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What have you just finished reading?

Loveless (manga) volume 11, Seanan McGuire's An Artificial Night (October Daye #3), and Anne of the Island and Anne of Windy Poplars by L.M. Montgomery.

Loveless managed to ratchet up both the angst and the humor (spoiler for the latter: Yohji manages to unhook his first bra - Shinonome's, of course! She thwacks him on the head with a book.). I wonder if we'll ever find out how Seimei became such an awful person?

In An Artificial Night, Toby is getting a little more sensible, but just a little. I was really enthralled with the first two thirds of this one. Then McGuire started to adhere to a classical trope of legend – one with which I am very familiar – and did it basically paint-by-numbers, which sort of wrecked the whole mood for me.

In the Anne books, it becomes more and more clear that Montgomery has hundreds of little vignettes that she wants to share. Anne of Windy Poplars, which is framed as a series of letters from Anne to her fiance, actually got a bit tedious. The narrator's voice is a little more wry and tart than Anne's, and it makes a better foil to the endless series of incidents in which Anne manages to tame human ogres, dragons, and snakes. I was gratified that Anne had a couple of protégées this time around, as well as a young man whom she's trying to encourage to continue his education.

What are you currently reading?

Enchanted Glass by Diana Wynne Jones (re-read; almost finished), Richard K. Morgan's The Steel Remains, and Anne's House of Dreams by L.M. Montgomery. The contrast in moods and subject matter between the latter two is giving me whiplash of the brain.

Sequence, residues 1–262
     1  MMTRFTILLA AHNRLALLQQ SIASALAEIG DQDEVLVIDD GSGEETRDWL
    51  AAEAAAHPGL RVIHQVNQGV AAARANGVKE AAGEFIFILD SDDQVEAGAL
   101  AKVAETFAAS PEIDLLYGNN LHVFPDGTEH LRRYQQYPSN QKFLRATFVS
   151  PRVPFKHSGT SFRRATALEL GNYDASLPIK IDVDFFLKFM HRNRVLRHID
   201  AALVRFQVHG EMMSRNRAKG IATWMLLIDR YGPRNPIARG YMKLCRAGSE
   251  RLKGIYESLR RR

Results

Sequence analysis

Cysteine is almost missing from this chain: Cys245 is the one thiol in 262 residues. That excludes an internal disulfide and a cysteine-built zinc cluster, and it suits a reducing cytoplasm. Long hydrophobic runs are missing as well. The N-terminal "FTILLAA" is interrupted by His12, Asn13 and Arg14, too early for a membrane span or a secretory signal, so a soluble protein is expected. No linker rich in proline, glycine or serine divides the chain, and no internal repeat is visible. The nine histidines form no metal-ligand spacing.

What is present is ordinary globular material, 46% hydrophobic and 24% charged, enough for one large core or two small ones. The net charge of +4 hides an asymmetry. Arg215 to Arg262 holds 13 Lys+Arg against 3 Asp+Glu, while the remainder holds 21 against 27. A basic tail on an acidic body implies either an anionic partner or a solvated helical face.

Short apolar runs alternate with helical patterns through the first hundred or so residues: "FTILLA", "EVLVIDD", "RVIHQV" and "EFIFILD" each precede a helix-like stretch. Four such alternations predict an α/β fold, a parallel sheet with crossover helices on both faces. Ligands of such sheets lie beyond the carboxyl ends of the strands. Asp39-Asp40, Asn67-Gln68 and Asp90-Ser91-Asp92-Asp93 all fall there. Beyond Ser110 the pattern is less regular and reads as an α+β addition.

What do you think you'll read next?

I should try to re-read Redshirts by John Scalzi, and write it up. Ditto with Among Others by Jo Walton. The Morgan book will require antidotes in the form of more Anne and maybe some favorite children's books. I'm also beta-reading a book manuscript for an old friend, but I'm not sure that counts.

 

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Comments

( 11 comments — Leave a comment )
fmanalyst
Jun. 20th, 2013 01:45 am (UTC)
I actually like the later Anne books best, not least because of the character vignettes, especially those of older women.
chomiji
Jun. 20th, 2013 12:12 pm (UTC)

The little tales can be amusing, but I like them in Montgomery's voice more than when she's channeling Anne. There do seem to be women with a wider variety of educational and professional choices than one would have thought, given the time and place.

fmanalyst
Jun. 20th, 2013 12:15 pm (UTC)
Have you met Miss Cornelia yet? Or have you already read the stories after Anne's marriage?
chomiji
Jun. 21st, 2013 01:33 am (UTC)

I'm in the middle of Anne's House of Dreams, where she is a newlywed, and yes, I have met Miss Cornelia, and Anne has just started to make friends with Leslie.

oonaseckar
Jun. 20th, 2013 11:31 am (UTC)
' Anne manages to tame human ogres, dragons, and snakes.'

She is a bit of a serial wild animal trainer/horse whisperer/snake charmer. Depending on the daemon of the human in question, I suppose. She takes those crotchety old grumps and charms the arse off 'em, it's a regular thing! You'd think they'd get wise to her and gang up against her to protect their pessimism and misanthropy. 'Collective action, fellow miserabilists! There's power in a union! We can fend her off if we just remember to think negative!'

*grabs meme and runs with it*

chomiji
Jun. 20th, 2013 12:12 pm (UTC)

XD

fmanalyst